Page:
But when people have more money to spend, they can also afford to pay higher prices for the stuff they buy. And so a byproduct of job creation can be price inflation, as better-off workers bid up prices. That hasn’t happened during this recovery. Inflation has been essentially nonexistent as the unemployment rate has slowly declined. Wages for workers have been consistently flat, leading plenty of economists to believe there is still a lot of room for production to expand before we really have to worry about prices going up. Obvious infrastructure problems ― like trains that crash all the time for no reason ― add to the impression that the economy needs to see more investment, not less.
The tax cuts signed into law late last year gave people some reason to pause, though. Taxes, contrary to popular belief, do not fund government operations. The federal government controls its own currency and can print however much it wants to. If it wants to build a bridge, it can just print money and pay it to someone who can build it. This, in reality, is how we “finance” public projects.
What taxes do, instead, is make sure prices don’t get out of control. If there is too much money sloshing around the economy and pushing prices up, the government can take it out of circulation by taxing it.
This strategy is perfectly consistent with an ambitious government spending program. If we have roads and bridges that need to be repaired and trains that need to be upgraded to make transportation and business more efficient, the government can spend freely to make sure these very real needs are met. And because this kind of spending increases overall productivity and brings down costs, it probably doesn’t drive up prices all that much, even if it puts more money in workers’ pockets.
But if it does, there’s an easy solution: just raise taxes.
The trouble of course is that the Republican Party’s raison d’etre is essentially cutting taxes for the rich. The tax legislation the GOP passed late last year costs about $1 trillion over the course of a decade, meaning, essentially, that there will be $1 trillion more dollars in the economy, the vast majority of them in the hands of the very rich. Persistent budget deficits can’t bankrupt the government, since the government can’t run out of money. But they can eventually spur inflation.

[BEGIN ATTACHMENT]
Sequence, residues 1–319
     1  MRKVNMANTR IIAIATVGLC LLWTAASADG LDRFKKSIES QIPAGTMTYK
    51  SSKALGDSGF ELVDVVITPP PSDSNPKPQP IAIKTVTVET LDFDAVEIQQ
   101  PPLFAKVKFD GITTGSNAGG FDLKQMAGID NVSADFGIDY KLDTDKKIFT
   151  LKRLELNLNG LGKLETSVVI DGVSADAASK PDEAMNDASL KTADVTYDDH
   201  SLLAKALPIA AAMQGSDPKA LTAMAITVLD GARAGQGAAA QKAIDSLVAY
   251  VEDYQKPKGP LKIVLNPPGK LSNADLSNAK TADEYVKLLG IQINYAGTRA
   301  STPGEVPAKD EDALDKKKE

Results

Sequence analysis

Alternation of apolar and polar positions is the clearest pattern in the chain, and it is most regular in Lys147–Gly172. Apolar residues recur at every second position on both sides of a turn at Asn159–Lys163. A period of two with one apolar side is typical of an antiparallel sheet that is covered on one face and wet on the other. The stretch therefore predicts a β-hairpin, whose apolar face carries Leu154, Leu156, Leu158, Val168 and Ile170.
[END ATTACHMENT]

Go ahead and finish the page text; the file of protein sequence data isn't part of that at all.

We are still not experiencing anything resembling harmful levels of inflation ― but the tax cut is the sort of thing that gets us closer without offering very much in return. CEOs have openly acknowledged that they won’t invest the money they’ll save on their tax bill in new plants or equipment, and there is no reason to believe boosting corporate profits by lowering the corporate tax rate will make firms any more efficient.
Because low taxes are a matter of quasi-religious faith among the GOP, there is good reason to believe Republicans in Congress will resist calls to raise taxes if inflation ever does really get serious.
But even in this scenario, all is not lost. The Fed has plenty of tools available to fight inflation. If it raises interest rates, banks tend to lend out less money (or lend it out at higher rates), which either forces some companies out of business or raises their costs, leading to unemployment and downward pressure on worker wages, which in turn keeps prices in check. It’s not an ideal solution, but it does work.
But all of these problems are pretty far away, if indeed they ever actually materialize. Right now, the stock market is looking for an excuse to go wild. When bad news can’t be found, good news will suffice.